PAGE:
National Parks to visit for FREE this summer -- Part One
Pristine wilderness and stunning landscapes.
Crystal lakes and streams.
Diverse wildlife and habitat.
1000’s of kilometers of hiking trails and exploration.
Pride of country.
These, are just a few of the features and attractions that make up Canada’s National Park system, a globally recognized effort to protect and put on display some of the worlds natural treasures. Our park system was recently featured in the National Geographic Magazine.
— Parks Canada (@ParksCanada) February 24, 2017
And in this year of 2017, we Canadians have an opportunity unlike before, to seize the chance to explore our natural environment, as our nation joins in a coast-to-coast group hug to celebrate our 150th anniversary of Confederation.
To mark this milestone, all of our national parks are offering free access to every Canadian who has a thirst for adventure. All you have to do is go online and sign up for the free Discovery Pass.
— Parks Canada (@ParksCanada) March 12, 2017
Although there are 200 different national parks and historic sites, lets have a quick peak at a handful of unique and exciting places to visit.
— Parks Canada (@ParksCanada) February 23, 2017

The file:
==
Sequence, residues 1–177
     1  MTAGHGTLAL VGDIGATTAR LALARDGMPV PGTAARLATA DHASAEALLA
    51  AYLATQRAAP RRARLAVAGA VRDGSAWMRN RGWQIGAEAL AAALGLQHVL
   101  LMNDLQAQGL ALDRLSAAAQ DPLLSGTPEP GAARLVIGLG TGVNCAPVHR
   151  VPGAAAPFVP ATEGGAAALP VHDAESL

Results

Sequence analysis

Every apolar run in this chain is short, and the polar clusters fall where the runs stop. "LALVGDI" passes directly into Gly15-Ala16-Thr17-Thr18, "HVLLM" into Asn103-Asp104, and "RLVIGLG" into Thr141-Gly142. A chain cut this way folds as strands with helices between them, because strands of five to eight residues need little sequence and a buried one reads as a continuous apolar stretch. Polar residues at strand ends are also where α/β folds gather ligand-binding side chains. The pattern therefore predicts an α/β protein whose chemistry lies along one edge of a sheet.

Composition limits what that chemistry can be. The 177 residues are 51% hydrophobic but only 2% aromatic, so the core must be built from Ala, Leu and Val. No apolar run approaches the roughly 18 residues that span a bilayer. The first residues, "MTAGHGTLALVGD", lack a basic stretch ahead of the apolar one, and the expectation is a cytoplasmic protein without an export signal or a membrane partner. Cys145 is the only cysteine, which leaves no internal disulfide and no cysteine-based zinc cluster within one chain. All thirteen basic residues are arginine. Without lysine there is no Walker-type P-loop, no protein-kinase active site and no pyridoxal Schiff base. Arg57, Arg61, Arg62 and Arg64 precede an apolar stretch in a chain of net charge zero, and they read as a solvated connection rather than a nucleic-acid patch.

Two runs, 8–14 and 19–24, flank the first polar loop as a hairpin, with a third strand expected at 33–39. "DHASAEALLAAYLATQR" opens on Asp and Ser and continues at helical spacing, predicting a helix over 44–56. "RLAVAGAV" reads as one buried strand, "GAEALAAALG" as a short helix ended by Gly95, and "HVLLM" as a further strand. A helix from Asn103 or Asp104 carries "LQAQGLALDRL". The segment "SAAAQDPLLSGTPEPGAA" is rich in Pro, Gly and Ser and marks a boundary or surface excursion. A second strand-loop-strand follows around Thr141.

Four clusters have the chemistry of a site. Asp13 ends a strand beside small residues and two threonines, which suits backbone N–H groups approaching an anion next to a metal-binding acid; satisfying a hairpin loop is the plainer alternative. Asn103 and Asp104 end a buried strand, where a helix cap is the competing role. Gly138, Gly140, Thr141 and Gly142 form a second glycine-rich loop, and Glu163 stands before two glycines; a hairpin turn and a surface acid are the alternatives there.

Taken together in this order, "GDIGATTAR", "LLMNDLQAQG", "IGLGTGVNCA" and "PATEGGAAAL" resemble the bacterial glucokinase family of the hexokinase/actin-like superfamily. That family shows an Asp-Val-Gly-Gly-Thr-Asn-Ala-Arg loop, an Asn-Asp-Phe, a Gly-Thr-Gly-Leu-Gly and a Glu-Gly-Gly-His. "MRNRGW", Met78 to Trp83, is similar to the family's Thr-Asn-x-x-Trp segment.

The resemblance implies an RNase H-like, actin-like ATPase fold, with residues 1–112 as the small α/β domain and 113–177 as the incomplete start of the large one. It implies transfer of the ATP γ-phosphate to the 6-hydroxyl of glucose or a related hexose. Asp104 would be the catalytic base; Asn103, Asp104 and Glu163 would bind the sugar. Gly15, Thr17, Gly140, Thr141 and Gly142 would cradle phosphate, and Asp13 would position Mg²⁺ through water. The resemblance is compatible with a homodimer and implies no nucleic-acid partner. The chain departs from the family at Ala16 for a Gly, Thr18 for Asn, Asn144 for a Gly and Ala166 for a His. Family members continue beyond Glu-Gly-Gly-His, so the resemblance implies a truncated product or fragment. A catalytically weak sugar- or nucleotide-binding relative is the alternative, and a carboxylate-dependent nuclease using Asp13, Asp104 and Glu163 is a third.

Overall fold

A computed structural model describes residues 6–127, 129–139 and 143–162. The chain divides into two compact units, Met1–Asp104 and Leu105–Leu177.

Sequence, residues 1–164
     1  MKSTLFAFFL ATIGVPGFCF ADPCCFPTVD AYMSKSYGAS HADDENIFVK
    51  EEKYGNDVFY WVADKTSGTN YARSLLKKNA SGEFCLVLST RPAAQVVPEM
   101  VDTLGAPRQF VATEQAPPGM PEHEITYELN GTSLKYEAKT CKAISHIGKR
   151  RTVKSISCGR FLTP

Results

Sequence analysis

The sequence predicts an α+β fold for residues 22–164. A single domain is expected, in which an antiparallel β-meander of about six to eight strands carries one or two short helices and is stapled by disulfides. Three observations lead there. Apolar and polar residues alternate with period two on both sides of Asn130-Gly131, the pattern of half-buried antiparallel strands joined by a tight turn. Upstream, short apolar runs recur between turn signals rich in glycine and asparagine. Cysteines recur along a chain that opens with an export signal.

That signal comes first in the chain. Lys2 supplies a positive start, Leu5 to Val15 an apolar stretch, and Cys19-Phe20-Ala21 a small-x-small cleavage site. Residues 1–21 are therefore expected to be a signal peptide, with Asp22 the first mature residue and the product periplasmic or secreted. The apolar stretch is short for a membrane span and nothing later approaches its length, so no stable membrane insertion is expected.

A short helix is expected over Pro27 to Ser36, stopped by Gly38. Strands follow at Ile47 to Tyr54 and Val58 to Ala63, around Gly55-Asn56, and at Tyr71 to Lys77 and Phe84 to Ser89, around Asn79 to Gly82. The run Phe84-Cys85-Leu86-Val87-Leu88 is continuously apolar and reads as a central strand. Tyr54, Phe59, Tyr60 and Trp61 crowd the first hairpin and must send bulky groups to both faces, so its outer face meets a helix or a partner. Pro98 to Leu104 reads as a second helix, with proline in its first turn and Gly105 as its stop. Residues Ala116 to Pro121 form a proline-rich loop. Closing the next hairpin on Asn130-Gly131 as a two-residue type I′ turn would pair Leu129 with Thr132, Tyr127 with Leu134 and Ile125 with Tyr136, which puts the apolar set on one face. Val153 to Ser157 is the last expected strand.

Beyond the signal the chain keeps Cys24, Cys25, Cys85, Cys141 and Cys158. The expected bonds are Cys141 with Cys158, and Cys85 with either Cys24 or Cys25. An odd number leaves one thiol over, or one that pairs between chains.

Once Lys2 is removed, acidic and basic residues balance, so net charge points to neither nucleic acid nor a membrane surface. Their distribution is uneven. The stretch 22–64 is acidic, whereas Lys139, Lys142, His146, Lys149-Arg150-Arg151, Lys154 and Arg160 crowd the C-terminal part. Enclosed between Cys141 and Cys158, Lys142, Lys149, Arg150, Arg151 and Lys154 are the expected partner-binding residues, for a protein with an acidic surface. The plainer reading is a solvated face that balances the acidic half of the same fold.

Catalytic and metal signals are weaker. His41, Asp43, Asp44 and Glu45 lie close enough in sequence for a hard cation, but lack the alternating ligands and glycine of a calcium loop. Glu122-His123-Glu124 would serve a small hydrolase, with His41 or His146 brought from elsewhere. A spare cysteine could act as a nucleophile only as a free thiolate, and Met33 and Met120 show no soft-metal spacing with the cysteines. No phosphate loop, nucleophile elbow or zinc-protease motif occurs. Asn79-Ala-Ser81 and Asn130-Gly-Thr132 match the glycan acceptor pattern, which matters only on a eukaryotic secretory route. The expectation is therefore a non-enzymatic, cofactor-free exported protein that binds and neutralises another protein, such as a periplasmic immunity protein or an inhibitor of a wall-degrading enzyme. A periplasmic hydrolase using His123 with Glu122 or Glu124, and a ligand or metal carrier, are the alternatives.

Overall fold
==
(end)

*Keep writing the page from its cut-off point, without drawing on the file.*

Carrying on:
- TRENT SEVERN WATERWAY.
One of the greatest national parks that is close to our region, is the Trent Severn Waterway.
If you are a boater, the TSW offers nearly 400 kilometers of meandering liquid passageway across Central and South-Eastern Ontario.
Once the grip of winter has been released, the Trent will open up, with its spectacular lock system that lifts boaters along the magical water-ride. You can order your 2017 Lockage pass, for free, by going online with your boat registration number, HERE.
— TrentSevern Waterway (@TrentSevernNHS) March 13, 2017
This historic waterway takes boaters on a journey through many regions of Ontario, offering numerous attractions, marinas, shore-stay opportunities, restaurants, hiking opportunities and moorings.
The TSW begins in Georgian Bay, winding through the Severn region, through Lake Couchiching, down into Lake Simcoe and east to the Kawarthas. The waterway finally empties out where Lake Ontario and the St. Lawrence River meet. If you’ve never had a chance to experience one of the great pleasure-craft canal and lock systems in the world, 2017 may provide one of the best opportunities, given free passage.
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